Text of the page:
The mobile application showed a profit of $2.8 million on what appeared to be a hot trading day on the Singapore Stock Exchange. But every time the merchant tried to withdraw funds at home in the US, he was faced with customer service representatives demanding mysteriously high payouts or fees, according to court documents.
US officials say it’s a sophisticated new scam that siphons off millions of dollars from people who let their guard down online. Far from earning $2.8 million, the trader invested $9.6 million in the platform this year before it all fizzled out, according to court documents.
In a court filing in November, the Secret Service said five US victims said they were tricked into investing large sums in cryptocurrency this year by scammers who created seven identical domains by spoofing the Singapore International Monetary Exchange website. The scammers have also created a smartphone app that mimics what traders use on legitimate platforms, officials said.
According to a writ filed in federal court in the Eastern District of Virginia as part of the website seizure last month, one victim in Richmond lost $289,000. Another, in Los Angeles, was drained of more than $200,000. The Redmond, Washington trader, who thought he made $2.8 million in one day in July, said his account showed a total profit of about $7 million.
But the “trading profit” displayed on its app was an illusion, according to US officials.
“After numerous attempts to withdraw their investments, they have not been able to recover any portion of their cryptocurrency investment,” a Secret Service agent said in a court filing in November.
Investigators are calling it a “pig slaughter” scheme. Scammers find targets on dating apps, social media, or via text messages sent to the “wrong number”. They form relationships with targets and slowly gain their trust, eventually letting the possibility of a cryptocurrency investment emerge. Once the money is sent to a fake investment app, the scammer disappears with the funds.
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Jason Kane, deputy director of the United States Secret Service Bureau of Investigation, called it “the next generation of the long-running con”.
“The American public needs to be aware of the dedication these criminals have to defraud people of their hard-earned cash,” Kane said in a statement. “Fraudsters can identify their victims and force them to invest, producing so-called returns on investments to solicit further investments. The public must be vigilant in their online activity, aware of who they are interacting with, and suspicious of any request for funds from an unknown source.”
The FBI said the scam originated in China in late 2019. But by 2021, the FBI’s Internet Crime Complaint Center had received more than 4,300 annual complaints related to crypto scams, resulting in losses of more than 429 million dollars.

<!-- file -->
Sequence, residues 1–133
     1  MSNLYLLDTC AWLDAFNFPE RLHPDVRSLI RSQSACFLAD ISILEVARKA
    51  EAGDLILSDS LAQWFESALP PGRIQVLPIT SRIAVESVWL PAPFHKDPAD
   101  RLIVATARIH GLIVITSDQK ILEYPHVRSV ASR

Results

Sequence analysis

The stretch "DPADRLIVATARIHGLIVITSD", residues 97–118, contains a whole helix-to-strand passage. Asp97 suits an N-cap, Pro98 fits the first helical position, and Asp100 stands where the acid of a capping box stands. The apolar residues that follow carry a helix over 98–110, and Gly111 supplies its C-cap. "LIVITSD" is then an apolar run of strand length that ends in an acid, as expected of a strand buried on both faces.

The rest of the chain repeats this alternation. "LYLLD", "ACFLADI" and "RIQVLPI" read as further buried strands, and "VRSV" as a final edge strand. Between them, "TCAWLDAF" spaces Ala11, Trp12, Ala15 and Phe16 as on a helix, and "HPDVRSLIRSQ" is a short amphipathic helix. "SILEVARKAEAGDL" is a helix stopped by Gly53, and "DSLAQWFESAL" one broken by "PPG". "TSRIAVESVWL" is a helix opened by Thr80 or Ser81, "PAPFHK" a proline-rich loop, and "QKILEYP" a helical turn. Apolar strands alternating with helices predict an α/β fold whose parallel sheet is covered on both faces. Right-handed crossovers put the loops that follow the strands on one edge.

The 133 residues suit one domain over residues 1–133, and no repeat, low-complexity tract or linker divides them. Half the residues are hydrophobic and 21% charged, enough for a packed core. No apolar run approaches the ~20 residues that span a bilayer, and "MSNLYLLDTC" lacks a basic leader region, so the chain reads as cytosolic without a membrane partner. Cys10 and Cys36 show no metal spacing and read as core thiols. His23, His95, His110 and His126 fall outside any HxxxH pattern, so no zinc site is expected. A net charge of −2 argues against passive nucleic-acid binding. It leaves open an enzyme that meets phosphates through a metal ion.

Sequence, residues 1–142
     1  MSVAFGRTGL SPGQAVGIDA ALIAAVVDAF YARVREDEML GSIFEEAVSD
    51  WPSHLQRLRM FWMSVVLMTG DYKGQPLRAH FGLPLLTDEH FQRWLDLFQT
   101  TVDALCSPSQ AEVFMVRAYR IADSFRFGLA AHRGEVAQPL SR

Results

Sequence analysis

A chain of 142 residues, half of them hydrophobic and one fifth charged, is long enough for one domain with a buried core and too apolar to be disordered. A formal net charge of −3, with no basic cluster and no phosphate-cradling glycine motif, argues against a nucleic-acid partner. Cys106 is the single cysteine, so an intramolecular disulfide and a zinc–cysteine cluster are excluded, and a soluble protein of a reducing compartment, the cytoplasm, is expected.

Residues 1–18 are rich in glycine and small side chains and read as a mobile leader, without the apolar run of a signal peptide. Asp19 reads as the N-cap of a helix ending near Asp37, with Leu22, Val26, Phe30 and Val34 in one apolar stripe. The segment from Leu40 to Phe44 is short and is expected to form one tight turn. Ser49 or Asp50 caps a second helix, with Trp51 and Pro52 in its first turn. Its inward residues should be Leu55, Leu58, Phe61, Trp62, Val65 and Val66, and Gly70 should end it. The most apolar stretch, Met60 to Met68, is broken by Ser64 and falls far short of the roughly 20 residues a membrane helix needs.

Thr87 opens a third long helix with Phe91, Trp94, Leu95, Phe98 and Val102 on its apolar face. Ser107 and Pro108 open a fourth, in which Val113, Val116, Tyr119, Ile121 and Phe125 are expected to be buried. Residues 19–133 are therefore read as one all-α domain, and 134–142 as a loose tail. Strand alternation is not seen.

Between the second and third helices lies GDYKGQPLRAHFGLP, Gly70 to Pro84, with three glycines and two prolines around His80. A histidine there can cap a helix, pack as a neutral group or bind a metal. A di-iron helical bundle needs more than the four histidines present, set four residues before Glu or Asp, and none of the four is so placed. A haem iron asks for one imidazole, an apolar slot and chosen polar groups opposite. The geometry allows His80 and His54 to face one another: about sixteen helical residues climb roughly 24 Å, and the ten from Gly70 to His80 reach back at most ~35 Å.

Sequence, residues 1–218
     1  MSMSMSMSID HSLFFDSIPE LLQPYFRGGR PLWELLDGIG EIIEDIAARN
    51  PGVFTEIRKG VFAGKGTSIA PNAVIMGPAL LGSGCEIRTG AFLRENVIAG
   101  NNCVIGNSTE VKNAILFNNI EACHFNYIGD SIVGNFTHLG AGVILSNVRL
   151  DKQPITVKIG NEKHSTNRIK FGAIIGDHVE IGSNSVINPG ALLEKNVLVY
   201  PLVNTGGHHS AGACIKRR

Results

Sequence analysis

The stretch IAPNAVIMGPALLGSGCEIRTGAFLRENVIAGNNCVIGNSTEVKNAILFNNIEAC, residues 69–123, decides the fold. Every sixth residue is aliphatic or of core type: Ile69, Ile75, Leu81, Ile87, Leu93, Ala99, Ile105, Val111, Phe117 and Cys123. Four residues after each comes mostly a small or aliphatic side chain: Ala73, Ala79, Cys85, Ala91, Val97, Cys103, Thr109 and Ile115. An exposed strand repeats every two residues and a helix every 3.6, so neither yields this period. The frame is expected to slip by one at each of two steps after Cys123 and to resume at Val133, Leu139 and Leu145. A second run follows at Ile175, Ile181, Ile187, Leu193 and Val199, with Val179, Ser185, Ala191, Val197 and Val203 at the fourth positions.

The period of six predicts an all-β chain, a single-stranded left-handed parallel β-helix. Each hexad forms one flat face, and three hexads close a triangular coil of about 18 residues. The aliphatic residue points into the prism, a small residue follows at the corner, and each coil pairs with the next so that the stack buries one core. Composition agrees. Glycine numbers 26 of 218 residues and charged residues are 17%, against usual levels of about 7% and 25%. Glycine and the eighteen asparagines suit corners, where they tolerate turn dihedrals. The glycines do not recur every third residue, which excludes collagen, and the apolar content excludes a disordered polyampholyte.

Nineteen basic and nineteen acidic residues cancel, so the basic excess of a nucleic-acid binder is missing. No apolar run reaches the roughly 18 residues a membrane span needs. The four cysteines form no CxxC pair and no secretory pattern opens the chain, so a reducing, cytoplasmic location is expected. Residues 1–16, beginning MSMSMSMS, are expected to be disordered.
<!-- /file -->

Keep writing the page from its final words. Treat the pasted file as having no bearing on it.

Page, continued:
“The scammers use translation programs to communicate seamlessly with their victims,” the FBI said in a press release. “Victims have very similar stories: By meeting someone on a dating app, the scammer gains the victim’s trust and confidence, then claims they know about cryptocurrency investment or trading opportunities that will result in substantial profits. victim is then directed to transfer large amounts of cryptocurrency from the exchange account to cryptocurrency wallets controlled by scammers, ultimately losing everything.
The trader in Washington state said she communicated with a scammer via LINE, a Japanese chat app, and WeChat, a Chinese app. The warrant application does not describe how the two met.
His first investment was $400, authorities said, but days later he poured another $100,000 into the platform and ended up losing $9.6 million in total. She said “customer service representatives” would file requests for “fees” or “fees” whenever she attempted to withdraw funds from her account, according to the warrant request.
In May, a representative of the fake Singapore exchange told the trader that “according to the Financial Income Tax Act, if the day’s total profit exceeds 100% of the principal amount of the transaction, you must pay 30.6% of the amount of personal income tax profit,” U.S. officials said. That meant paying another $570,384 in taxes, according to court documents.
“Please pay as soon as possible, after your payment we will deduct the tax for you, thank you!” said the representative.
After the merchant made alleged income tax payments and attempted to withdraw funds, she was told the following month that she had “received 33 abnormal bitcoins” and “your account now belongs to the abnormal status… you have to pay 33 BTC as deposit collateral, to make sure you don’t engage in any illegal behavior,” the warrant application states.
It was then that the trader “determined it was a scam and stopped making investments,” according to court documents.
US officials said investigations into Singapore’s forged exchange were ongoing. Federal prosecutors have not identified the suspects by name. Officials said people who believe they might be victims of a cryptocurrency scam should contact CryptoFrau[email protected] or visit IC3.gov to file a report.